By Sean Hartnett
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The cards are heavily stacked against the United States staying alive at the World Cup of Hockey.
Only victory over powerhouse Canada on Tuesday will keep the Americans in contention for the semifinal round. A loss will doom them to a disappointing, albeit not shocking, preliminary round exit.
While the merits of John Tortorella’s defense-first system and questionable player usage can be debated, the fiery head coach will ensure that each of his players will compete with a physical edge or they will be benched. There cannot be a repeat of the passive effort shown throughout Saturday’s 3-0 defeat to Team Europe.
That said, it will take more than rugged physicality to pull off an upset victory over a Canadian team loaded with speed and skill across four forward lines and three defensive pairs. The United States struggled to transition quickly from defense to offense against Team Europe. This has to change. Clean exits and controlled entries will be key.
Of crucial importance is the need to crash the net on offense. There wasn’t much of it going on against the Europeans, as most of USA’s shots came from the perimeter, with second-chance efforts almost nonexistent. Eleven skaters on the U.S. roster are 6-foot-2 or taller and 14 weigh over 200 pounds. The Americans need to use their strength to outmuscle the Canadians to prized real estate and effectively screen goaltender Carey Price.
On the other end of the ice, any repeat of the frequent breakdowns committed in Saturday’s opener will spell doom for the United States. You cannot gift Grade-A chances to the creative and scoring-rich Canadians. Even a superhuman effort from Johnathan Quick won’t be enough to keep the U.S. alive if the turnovers pile-up and coverage leaves large seams for Canada to exploit.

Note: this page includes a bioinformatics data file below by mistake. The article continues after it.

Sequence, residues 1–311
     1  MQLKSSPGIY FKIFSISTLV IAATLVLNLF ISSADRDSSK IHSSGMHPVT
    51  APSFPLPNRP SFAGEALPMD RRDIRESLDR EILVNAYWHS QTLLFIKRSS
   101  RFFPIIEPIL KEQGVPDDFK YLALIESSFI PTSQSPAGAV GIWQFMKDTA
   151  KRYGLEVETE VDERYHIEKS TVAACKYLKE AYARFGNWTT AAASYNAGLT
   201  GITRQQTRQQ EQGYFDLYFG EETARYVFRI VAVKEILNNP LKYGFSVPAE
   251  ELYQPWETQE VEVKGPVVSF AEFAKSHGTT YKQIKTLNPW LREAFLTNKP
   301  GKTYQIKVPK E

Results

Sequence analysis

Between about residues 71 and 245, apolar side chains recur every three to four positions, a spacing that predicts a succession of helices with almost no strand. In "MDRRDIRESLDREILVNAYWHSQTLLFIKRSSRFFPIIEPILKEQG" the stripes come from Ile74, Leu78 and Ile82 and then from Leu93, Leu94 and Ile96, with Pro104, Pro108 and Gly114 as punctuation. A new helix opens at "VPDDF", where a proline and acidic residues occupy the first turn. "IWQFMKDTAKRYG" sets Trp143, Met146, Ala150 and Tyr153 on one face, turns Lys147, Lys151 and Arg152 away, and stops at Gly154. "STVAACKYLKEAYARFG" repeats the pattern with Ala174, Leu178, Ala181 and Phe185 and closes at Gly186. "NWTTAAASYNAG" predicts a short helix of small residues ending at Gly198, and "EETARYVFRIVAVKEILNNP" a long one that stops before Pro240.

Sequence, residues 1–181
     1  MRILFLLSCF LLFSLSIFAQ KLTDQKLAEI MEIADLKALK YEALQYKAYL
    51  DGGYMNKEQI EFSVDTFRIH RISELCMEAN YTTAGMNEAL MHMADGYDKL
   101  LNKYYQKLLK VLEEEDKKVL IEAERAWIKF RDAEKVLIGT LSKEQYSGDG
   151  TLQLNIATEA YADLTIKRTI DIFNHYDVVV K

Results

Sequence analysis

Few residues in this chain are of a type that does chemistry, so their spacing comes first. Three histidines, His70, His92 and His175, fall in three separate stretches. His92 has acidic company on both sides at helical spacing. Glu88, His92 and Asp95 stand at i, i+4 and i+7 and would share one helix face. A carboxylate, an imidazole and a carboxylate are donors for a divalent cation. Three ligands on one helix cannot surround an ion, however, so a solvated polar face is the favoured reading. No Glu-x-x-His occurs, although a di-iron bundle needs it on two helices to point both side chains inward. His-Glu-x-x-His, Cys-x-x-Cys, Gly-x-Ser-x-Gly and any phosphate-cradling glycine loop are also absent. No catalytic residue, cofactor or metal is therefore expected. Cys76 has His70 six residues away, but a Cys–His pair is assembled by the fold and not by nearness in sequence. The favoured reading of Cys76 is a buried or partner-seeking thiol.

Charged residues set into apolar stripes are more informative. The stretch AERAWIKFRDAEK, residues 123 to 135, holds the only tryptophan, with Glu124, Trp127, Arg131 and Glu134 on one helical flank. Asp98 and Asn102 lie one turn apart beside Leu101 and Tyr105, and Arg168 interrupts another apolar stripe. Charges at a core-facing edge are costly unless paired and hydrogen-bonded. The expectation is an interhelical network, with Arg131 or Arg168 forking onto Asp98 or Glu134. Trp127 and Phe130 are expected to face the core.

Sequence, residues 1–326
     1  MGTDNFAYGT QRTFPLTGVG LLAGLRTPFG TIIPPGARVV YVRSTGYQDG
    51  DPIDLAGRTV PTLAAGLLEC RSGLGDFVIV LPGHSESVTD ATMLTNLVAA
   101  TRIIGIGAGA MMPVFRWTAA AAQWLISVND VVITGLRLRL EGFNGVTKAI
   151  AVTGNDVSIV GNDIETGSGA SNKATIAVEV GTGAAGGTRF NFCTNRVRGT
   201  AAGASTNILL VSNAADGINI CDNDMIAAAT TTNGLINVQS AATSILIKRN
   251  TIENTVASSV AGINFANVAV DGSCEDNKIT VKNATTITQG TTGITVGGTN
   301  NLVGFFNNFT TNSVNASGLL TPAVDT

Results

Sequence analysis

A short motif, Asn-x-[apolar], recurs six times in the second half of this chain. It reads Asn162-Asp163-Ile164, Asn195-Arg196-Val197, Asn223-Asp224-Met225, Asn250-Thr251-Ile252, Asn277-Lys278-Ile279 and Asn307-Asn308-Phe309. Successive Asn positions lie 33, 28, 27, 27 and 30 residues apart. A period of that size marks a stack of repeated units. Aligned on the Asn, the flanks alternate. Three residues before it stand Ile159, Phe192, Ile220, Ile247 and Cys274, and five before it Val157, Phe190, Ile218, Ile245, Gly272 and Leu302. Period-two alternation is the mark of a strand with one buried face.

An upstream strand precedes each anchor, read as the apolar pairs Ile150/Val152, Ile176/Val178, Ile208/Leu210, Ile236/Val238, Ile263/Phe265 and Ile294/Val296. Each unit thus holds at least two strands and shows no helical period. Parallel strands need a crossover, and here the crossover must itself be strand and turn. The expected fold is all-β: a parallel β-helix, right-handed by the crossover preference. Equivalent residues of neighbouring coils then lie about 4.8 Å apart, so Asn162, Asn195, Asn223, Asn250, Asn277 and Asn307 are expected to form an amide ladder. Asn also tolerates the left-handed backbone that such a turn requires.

From the look of Monday’s practice lines and defensive pairs, it’s likely that two difference-makers could be set to enter the U.S. lineup. Tortorella’s decision to scratch Dustin Byfuglien on Saturday was equally head-scratching and inexplicable. Having “Big Buff” on the ice gives the Americans a big-bodied, intimidating defenseman who can set an early physical tone and whose powerful shot from the point can result in second-chance opportunities. Jack Johnson reportedly did not take d-pair rushes.
It’s probable that 57-point Devils winger Kyle Palmieri will dress in place of David Backes or Brandon Dubinsky. Backes saw just 6:35 of total ice time on Saturday. Palmieri could provide a much-desired offensive boost. The 25-year-old possesses razor-sharp instincts and is one of only four players selected to the U.S. roster to collect 30 goals last season. He scored 11 power play goals and recorded 23 power play points, good for 19th-best among NHL forwards.
For the Americans, everything will have to break right for them to stay alive beyond Tuesday night. It’s going to take the perfect game, total discipline and 60 minutes of pure effort.
Follow Sean on Twitter at @HartnettHockey